Simon, Andrew and Darby, Stephen E.
Effectiveness of grade-control structures in reducing erosion along incised river channels: the case of Hotophia Creek, Mississippi
Geomorphology, 42, (3), . (doi:10.1016/S0169-555X(01)00088-5).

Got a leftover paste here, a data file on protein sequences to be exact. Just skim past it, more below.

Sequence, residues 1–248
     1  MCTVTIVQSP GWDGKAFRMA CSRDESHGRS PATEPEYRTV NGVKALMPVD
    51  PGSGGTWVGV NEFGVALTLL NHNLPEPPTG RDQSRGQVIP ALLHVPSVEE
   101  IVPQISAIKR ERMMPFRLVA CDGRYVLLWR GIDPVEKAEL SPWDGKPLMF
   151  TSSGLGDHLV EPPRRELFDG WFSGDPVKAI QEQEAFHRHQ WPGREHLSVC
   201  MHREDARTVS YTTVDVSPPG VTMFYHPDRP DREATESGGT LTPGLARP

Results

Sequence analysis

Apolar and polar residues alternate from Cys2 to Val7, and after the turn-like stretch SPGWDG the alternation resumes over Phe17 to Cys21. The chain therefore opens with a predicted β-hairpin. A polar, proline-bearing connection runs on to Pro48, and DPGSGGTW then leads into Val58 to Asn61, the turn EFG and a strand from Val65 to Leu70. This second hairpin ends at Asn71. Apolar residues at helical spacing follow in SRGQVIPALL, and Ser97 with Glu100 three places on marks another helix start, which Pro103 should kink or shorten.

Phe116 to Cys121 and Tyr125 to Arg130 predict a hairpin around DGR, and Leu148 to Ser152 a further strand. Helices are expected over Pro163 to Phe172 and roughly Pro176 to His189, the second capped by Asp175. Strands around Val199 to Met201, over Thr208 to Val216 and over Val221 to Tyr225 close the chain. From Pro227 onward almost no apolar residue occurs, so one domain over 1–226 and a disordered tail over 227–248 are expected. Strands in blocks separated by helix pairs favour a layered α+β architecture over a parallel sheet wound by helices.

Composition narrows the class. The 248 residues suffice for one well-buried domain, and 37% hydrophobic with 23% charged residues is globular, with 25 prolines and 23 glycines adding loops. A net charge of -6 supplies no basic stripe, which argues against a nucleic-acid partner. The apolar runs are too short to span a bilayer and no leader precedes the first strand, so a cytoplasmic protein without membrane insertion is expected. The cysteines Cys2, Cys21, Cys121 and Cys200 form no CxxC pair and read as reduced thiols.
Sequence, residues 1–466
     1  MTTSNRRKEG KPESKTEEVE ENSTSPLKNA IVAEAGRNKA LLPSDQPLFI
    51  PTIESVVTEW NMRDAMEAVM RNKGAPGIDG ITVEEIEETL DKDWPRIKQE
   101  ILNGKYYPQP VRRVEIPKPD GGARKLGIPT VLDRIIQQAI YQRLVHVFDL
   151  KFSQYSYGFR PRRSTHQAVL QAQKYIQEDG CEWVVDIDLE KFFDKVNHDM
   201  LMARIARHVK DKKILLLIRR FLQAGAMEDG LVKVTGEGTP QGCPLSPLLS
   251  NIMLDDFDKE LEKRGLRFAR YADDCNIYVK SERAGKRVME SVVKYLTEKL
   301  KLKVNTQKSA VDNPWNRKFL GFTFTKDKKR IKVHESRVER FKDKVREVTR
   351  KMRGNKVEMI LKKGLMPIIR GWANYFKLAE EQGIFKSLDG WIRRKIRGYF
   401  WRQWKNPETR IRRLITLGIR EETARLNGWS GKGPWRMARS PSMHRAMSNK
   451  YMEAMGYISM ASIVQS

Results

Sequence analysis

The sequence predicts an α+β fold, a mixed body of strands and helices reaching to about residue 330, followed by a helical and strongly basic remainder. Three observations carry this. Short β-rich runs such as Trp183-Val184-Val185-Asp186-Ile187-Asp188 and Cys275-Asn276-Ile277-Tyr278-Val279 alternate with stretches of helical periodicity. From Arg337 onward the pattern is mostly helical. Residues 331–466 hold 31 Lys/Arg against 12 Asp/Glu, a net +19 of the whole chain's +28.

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Herein, we undertake a geomorphological analysis in which spatial and temporal trends of bed and bank erosion along an 18-km length of Hotophia Creek, Mississippi, are estimated for the period between 1961 and 2050. The evaluation was undertaken for two scenarios of channel response to channelization during 1961-1963. One scenario represents the 'actual' response of the channel and includes the effects of installing a series of grade-control structures (GCS) between 1980 and 1996, while the other represents a hypothetical scenario in which the channel is left to adjust naturally. This allows the effectiveness of GCS in reducing in-channel erosion to be assessed. The analysis relies on the availability of channel survey data to develop empirical bed and bank response models for each adjustment scenario, supplemented by bank stability modelling to predict future rates of bank erosion. Results indicate that channel erosion rates decline nonlinearly with respect to time since 1961, for both adjustment scenarios. However, by the year 2050, the ''with'' GCS adjustment scenario results in the cumulative removal of some 663,000 (9%) extra tonnes of sediment relative to the ''without'' GCS scenario. Most (63%) of this excess is derived from enhanced bed erosion during 1976-1985 and 1985-1992, with the remainder derived from increased bank erosion during 1985-1992. Detailed analysis of the patterns of erosion and deposition, and their association with the GCS, provides evidence to support the view that GCS installed along Hotophia Creek have, for the most part, been ineffective in reducing channel erosion rates. This is because the GCS were installed too late to prevent bed degradation, caused by the 1961-1963 channelization, migrating upstream. In addition, some structures have disrupted the downstream transmission of bed material from eroded reaches upstream, exacerbating bed degradation and bank erosion in incised reaches downstream.
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